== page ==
Changing up the walls in a room is one of the most impactful and cost-effective DIY remodel projects you can do. But, when you have a room covered in wallpaper, it can seem like a daunting task. Depending on how long it has been there, how many layers there are, and how it was applied, removing wallpaper can be challenging. But, simply painting over it is rarely the best option, even though the idea may be tempting.
You might think that removing wallpaper is difficult and time-consuming --- and for some rooms, you might be right --- but there are things you can do to make the process much easier. Here are three tips on how to remove wallpaper easily. Just remember to give yourself enough time to get the project done. It is best to plan for at least a weekend, depending on how big the room is and how many layers of wallpaper you are dealing with.
First things first, you need to know what kind of walls you have in the room. The age of the home will usually determine if your walls are drywall or plaster. If your home is more than fifty years old, chances are you have plaster walls, which are more solid and will sound dull when you knock on them.
If you have a newer home, the walls are most likely drywall. When you knock on them, they will have a hollow sound, and they are more delicate than plaster. Drywall is a combination of lightweight cardboard and a chalk-like substance, so you need to be a bit more careful when removing wallpaper, so you don't damage it with a wallpaper scraping tool.
Also, do the prep work. Take everything off of the walls (including switch plates and outlet covers), remove all knick-knacks, and take out as much furniture as you can. Then, cover whatever is left, place old towels along the baseboards, and cover the towels with plastic drop cloths that you tape to the baseboards. This will save you from the headache of getting messy scraps on your floor.
You will not need to use a steamer to remove wallpaper. That method was popular 25 years ago, but it makes the process much longer, and the electric steamers can burn your hands. Instead, if you can't strip your wallpaper dry, a concentrated remover solution mixed with water will dissolve the adhesive backing and make it easy to take off.
Having the right tools is essential for a wallpaper removal project. The tools you will need include:
To make your remover solution, you will need a commercially-prepared solution like DIF by Zinsser and some hot water. Or, you can use liquid fabric softener and hot water. With a one to one ratio, mix the fabric softener and hot water in the spray bottle. And, be sure to do this in small batches, so the water stays as hot as possible.
You want to determine what the grain is, so you know whether to strip the wallpaper left to right or up and down. Test a small 3'x3' section of the wallpaper by lifting an edge to see how easily it comes off. If it doesn't come off easily, then spray your remover mixture on the test area and let it soak into the paper. It is possible you may need to apply it more than once.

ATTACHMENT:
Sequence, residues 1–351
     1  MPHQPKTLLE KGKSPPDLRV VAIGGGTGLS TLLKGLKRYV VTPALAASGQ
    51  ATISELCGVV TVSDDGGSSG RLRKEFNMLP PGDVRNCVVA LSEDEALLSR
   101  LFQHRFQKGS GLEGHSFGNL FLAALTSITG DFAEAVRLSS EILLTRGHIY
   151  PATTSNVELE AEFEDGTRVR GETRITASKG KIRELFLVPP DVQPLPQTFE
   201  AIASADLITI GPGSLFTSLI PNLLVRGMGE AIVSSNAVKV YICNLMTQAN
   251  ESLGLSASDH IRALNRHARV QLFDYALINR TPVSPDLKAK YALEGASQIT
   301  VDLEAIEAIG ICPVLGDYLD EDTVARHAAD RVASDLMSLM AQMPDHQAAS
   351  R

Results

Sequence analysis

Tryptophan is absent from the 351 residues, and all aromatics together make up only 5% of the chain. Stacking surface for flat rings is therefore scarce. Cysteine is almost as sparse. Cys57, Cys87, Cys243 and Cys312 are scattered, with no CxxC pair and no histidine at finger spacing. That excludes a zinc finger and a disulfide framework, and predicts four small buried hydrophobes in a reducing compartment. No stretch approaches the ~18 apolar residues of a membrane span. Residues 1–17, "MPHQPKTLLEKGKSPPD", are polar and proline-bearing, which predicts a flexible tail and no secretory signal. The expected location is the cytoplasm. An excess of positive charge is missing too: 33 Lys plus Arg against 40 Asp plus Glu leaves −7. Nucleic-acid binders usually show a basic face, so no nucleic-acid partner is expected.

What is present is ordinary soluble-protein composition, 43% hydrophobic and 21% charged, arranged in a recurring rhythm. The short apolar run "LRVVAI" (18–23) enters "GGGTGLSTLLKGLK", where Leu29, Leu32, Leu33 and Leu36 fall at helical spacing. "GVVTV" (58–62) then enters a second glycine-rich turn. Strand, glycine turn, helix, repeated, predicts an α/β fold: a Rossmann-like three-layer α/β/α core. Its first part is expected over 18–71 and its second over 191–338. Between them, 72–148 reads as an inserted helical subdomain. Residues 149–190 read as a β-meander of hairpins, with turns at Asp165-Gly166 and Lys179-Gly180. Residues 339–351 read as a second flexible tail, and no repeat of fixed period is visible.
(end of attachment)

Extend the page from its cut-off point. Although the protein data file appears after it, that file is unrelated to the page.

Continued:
Then, try to strip the wallpaper by hand. There will most likely be backing left, and you will need to scrape that off with a broad knife.
If the mixture isn't penetrating the wallpaper, use your scoring tool in a circular motion to make tiny punctures so the remover can saturate the wallpaper and backing. However, Bishop says that the scoring tool should be your last resort. If you don't use the right pressure, you could end up gouging your drywall.
As you are taking off the wallpaper in your test area, it is possible that you will find more layers underneath. And, to avoid risking wall damage, you will have to take them down one at a time.
Once you have removed all of the wallpaper and backing, spray the mixture onto the wall one more time so you can scrape off the missed spots. Finally, wipe down the wall with a wet sponge soaked in hot water and dish detergent (that is what the bucket is for) and towel dry.
Once you have removed the wallpaper from your test area, it will give you an idea of what kind of project you are looking at. You will know how many layers of wallpaper you have to remove, what kind of wall you are working on, and the exact method you will need to remove the wallpaper.
Now that you have this information start working on small sections in 15-minute increments. You do not want to saturate the entire wall. Instead, spray only as much as you can comfortably strip in 15 minutes. You will want the solution to soak the paper for a few minutes before you start removing the section, so while you are working on one section, go ahead and saturate the next section, so it can soak while you are working, and you won't have to wait.
Depending on the grain, you will either grab pieces of the wallpaper from a bottom corner and carefully pull upwards or left to right. To facilitate the removal, use a wide putty knife. And, continue to work on your small sections 15 minutes at a time until you have removed all of the wallpaper.
Are there other ways to remove wallpaper? Yes. You can use solvents or steam, but they are much more dangerous and will take a lot longer. Instead, follow these tips and you will be able to remove wallpaper easily, and before long, your walls will be ready for next weekend's painting project.